Postby Meno_ » Mon Jun 15, 2020 5:58 pm

Studies show, fairly recently that the turtle wins against the hare every time.
The turtles positioned on each other's back, resemble plasma permeability, inasmuch does the infusion of potential energy may in Your example.
I would gather that energy transfer would be more likened to the gradual buildup of structural crystal, to form more stable-bonded realities.

More reflexive structural response than not, -tends toward analytical interpretation than a synthetic one, as in this descriptive biochemical process.
If far afield, then consider photosynthesis an example of energy transference.

Strictly based on series of hypothetical analogies, like the stacked turtles, their winning streak are based on deep levels of structural effects like the crystal

After all, fallen organisms, such as trees, are pressed into crystals, and become inorganic super substances like diamonds.
Crystals are used in high tech telecommunications as part and parcel of AI, trying to switch-like open and close the gap between the organic and inorganic world of substance.
Ultimately a closure is attempted to try to define the difference between a 'thing' and a 'no-thing's, where a no-thing is not necessarily a nothing.

It probably is trying to effectively describe the juncture of the transference, to justify Einstein's relational theories.

Note: Sorrily in very broad outlines, to say the least.


ScienceDaily

In the race of life, the tortoise beats the hare every time
Research shows that, when speed is averaged throughout a lifetime, the fastest animals and machines are actually the slowest

Date:
August 27, 2018
Source:
Duke University
Summary:

Researchers have discovered that, over the long-run, the race will indeed go to the slower, steadier animal. An analysis of the reported speeds of animals based on land, air and water shows that some of the world's fastest animals are actually some of the slowest when their movements are averaged throughout their lifetimes, giving credence to Aesop's fable 'The Tortoise and the Hare.'


FULL STORY
Over the long-run, the race will indeed go to the slower, steadier animal.


"The fable of 'The Tortoise and the Hare' is a metaphor about life, not a story about a race," said Adrian Bejan, the J.A. Jones Professor of Mechanical Engineering at Duke University. "We see in animal life two starkly different lifestyles -- one with nearly steady feeding and daily sleep and another with short bursts of intermittent feeding interspersed with day-long siestas. Both of these patterns are the rhythms of living that Aesop taught."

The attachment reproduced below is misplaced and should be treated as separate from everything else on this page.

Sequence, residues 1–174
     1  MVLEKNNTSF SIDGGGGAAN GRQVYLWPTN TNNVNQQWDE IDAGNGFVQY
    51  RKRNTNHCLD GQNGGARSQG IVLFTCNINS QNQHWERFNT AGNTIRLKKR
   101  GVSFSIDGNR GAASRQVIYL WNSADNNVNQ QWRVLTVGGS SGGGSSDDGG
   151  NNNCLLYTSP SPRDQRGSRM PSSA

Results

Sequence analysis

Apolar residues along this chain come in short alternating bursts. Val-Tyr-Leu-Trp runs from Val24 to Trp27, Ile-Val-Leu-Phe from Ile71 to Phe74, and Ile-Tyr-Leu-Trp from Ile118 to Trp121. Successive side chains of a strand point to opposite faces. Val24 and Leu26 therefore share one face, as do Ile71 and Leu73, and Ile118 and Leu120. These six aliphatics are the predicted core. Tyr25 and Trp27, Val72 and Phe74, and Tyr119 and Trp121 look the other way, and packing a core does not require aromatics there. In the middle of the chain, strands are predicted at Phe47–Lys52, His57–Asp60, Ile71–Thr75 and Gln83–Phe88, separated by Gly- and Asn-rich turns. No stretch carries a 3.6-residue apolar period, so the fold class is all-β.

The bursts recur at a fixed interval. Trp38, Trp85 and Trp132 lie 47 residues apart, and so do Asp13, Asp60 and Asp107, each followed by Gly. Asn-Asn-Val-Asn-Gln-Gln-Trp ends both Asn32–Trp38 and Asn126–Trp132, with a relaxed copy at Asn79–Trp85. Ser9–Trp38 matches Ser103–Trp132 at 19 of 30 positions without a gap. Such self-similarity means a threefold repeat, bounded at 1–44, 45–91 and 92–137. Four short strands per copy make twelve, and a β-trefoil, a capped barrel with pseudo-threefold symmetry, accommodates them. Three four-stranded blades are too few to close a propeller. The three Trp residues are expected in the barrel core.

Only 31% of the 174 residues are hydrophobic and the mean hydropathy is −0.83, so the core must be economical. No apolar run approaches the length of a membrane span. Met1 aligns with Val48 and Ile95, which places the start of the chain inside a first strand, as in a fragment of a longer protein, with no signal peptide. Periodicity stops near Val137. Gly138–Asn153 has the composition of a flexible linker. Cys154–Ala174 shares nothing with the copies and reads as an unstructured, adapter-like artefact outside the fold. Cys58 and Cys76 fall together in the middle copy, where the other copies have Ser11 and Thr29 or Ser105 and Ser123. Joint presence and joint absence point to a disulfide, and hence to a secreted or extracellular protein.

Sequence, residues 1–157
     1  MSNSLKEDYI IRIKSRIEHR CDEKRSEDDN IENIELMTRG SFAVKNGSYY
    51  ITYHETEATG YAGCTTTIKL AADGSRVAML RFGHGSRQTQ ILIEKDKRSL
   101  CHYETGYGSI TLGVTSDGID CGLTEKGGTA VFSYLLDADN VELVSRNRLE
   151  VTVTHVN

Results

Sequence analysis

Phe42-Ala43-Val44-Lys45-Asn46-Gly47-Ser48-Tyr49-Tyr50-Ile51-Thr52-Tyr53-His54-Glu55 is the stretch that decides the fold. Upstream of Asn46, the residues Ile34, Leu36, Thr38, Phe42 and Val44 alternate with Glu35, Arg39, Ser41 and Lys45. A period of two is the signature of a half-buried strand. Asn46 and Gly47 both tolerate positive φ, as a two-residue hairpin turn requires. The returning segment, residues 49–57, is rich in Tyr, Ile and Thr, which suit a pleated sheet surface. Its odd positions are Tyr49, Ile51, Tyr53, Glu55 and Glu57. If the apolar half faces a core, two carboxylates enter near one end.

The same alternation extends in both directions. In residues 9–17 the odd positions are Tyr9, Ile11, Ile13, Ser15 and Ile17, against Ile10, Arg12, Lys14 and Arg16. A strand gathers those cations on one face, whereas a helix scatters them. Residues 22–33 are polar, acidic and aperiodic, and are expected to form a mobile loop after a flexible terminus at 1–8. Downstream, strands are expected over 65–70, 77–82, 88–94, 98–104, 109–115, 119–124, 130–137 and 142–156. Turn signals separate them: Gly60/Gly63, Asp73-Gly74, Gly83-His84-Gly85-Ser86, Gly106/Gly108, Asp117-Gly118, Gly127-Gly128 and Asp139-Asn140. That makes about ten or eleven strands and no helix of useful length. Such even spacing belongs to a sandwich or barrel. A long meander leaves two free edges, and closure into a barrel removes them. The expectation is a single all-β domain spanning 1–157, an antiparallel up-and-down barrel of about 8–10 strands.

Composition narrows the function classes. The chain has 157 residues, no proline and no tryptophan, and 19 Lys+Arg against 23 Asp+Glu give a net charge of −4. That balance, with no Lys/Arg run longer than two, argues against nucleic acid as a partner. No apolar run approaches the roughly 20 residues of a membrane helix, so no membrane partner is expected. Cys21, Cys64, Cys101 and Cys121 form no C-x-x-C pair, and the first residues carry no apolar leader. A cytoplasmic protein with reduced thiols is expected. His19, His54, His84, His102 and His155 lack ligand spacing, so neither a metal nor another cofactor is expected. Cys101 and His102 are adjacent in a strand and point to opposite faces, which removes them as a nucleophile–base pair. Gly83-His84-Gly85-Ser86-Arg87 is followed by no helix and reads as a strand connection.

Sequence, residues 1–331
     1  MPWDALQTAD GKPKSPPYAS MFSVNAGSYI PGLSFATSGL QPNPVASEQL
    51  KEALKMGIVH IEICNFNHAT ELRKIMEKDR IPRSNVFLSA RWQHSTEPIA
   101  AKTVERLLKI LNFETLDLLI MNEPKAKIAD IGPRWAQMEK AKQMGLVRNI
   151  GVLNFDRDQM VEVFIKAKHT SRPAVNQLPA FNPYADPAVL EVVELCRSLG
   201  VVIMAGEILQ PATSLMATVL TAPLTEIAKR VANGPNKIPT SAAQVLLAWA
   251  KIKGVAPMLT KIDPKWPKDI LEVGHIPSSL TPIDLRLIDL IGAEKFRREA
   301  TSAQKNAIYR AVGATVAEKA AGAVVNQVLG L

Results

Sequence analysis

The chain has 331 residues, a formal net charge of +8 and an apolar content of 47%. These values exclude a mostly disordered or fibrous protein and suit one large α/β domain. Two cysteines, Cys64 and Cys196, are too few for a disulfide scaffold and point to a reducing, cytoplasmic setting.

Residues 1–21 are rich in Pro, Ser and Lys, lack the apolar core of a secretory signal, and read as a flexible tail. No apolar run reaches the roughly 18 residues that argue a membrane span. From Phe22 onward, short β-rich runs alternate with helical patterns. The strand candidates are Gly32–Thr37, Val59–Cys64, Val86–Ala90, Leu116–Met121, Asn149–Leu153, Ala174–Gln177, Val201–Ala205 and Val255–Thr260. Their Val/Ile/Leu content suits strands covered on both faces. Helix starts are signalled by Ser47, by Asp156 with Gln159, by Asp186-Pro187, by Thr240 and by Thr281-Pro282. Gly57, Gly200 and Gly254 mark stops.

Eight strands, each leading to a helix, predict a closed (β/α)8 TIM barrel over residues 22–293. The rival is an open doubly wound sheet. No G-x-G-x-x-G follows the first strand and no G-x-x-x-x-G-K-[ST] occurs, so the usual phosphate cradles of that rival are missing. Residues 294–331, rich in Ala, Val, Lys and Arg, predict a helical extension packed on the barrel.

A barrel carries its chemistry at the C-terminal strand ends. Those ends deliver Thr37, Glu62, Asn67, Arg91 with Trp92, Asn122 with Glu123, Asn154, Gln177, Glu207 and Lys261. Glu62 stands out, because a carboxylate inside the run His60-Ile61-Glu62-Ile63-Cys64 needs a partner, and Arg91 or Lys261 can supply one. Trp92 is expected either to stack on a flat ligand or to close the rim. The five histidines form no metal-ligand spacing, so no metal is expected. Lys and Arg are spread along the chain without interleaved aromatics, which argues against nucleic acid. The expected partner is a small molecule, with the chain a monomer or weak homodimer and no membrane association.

In the iconic parable, Aesop tells of a race between a fast but often-distracted hare and a slow but relentless tortoise. Readers are supposed to be surprised when the tortoise manages to defeat the hare, coining the phrase "slow and steady wins the race." But according to Bejan's new analysis, they shouldn't be.

Published on August 27 in the journal Scientific Reports, Bejan analyzes the reported speeds of animals based on land, air and water. The results show that some of the world's fastest animals are actually some of the slowest when their movements are averaged throughout their lifetimes.

Bejan then goes on to demonstrate that this counterintuitive result is also true of the modern aviation industry. With data from hundreds of historical airplane models in hand, Bejan shows that the general trend in their design is for size and speed to increase hand-in-hand.

Except, that is, for the modern jet fighter.

Just like in the animal world, the jet fighter may be faster than other airplanes in short bursts, but it spends much of its time grounded. When averaged over its service lifetime, jet fighters are surprisingly slow when compared to models designed for transport or reconnaissance.

The study emerged as a consequence of a previous paper that used Bejan's constructal theory to show that all animals' speeds tend to rise along with their body mass and adhere to a similar ratio. For example, the stride frequency of running vertebrates bears the same relationship to the animals' mass as does the rate at which fish swim. Similarly, the velocity of runners conforms to the same principles as the speed of birds in flight. These models can be used to predict future evolutionary trends and design directions for aircraft and other vehicles.

"When I would give speeches on this topic, somebody would always bring up outliers to this principle such as the cheetah as counterexamples," said Bejan. "But this study shows that these 'outliers' are to be expected and, when looked at over their lifetimes, are not so different from their lumbering cousins after all."



Materials provided by Duke University. Note: Content may be edited for style and length.

Journal Reference:

A. Bejan, U. Gunes, J. D. Charles, B. Sahin. The fastest animals and vehicles are neither the biggest nor the fastest over lifetime.

Duke University. "In the race of life, the tortoise beats the hare every time: Research shows that, when speed is averaged throughout a lifetime, the fastest animals and machines are actually the slowest."



Copyright 2020 ScienceDaily


Tentative conclusion:

The plasma and the turtle-hare descriptions of reality are more similar than dissimilar.